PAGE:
Chapter

Did U.S. Bank Supervisors Get Tougher during the Credit Crunch? Did They Get Easier during the Banking Boom? Did It Matter to Bank Lending?

Allen N. Berger, Margaret K. Kyle and Joseph M. Scalise

in Prudential Supervision

Published by University of Chicago Press

Published in print January 2002 | ISBN: 9780226531885
Published online February 2013 | e-ISBN: 9780226531939 | DOI: http://dx.doi.org/10.7208/chicago/9780226531939.003.0009
Did U.S. Bank Supervisors Get Tougher during the Credit Crunch? Did They Get Easier during the Banking Boom? Did It Matter to Bank Lending?

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This chapter discusses some reasons to suspect that supervisory changes over the last decade or so may have had significant effects on the overall lending of the U.S. banking industry. It investigates this possibility by testing three hypotheses about whether supervisors changed their policies and whether these policy changes affected bank lending behavior: Hypothesis 1: U.S. bank supervisors got tougher on banks during the credit crunch period of 1989–92, treating banks of a given financial condition more harshly than in previous years. Hypothesis 2: U.S. bank supervisors got easier on banks during the boom period of 1993–98, treating banks of a given financial condition less harshly than in prior periods. Hypothesis 3: Changes in supervisory toughness, if they did occur, changed bank lending behavior in the predicted directions. These hypotheses are tested using information on the supervisory process, confidential data on classified assets and CAMEL ratings from bank examinations, bank balance sheet and income data, and other variables for the condition of the bank, its state, and its region over the period 1986–98. A commentary and discussion summary are also included at the end of the chapter.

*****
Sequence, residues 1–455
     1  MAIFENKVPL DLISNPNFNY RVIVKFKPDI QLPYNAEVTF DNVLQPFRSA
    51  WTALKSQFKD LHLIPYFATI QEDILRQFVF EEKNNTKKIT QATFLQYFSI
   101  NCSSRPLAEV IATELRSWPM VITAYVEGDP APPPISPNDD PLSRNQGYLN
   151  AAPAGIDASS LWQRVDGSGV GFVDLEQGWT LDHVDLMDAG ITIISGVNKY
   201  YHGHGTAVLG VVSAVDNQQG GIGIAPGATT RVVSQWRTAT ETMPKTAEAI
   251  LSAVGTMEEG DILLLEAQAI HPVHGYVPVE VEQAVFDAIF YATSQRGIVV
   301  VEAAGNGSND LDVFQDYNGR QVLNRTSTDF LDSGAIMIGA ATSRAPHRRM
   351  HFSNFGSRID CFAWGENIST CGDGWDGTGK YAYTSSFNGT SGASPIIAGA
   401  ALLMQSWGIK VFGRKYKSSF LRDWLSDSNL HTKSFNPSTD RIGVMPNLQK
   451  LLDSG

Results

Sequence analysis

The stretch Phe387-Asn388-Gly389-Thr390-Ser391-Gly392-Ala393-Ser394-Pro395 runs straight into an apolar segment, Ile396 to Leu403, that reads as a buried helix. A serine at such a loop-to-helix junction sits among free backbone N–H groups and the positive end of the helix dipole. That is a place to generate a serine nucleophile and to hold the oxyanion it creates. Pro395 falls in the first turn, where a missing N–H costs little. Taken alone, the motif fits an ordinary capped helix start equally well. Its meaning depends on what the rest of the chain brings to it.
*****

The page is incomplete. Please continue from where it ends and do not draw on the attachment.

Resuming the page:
Keywords: bank supervision; supervisory changes; bank lending; banking industry; CAMEL ratings

Chapter.  23484 words.  Illustrated.

Subjects: Financial Markets

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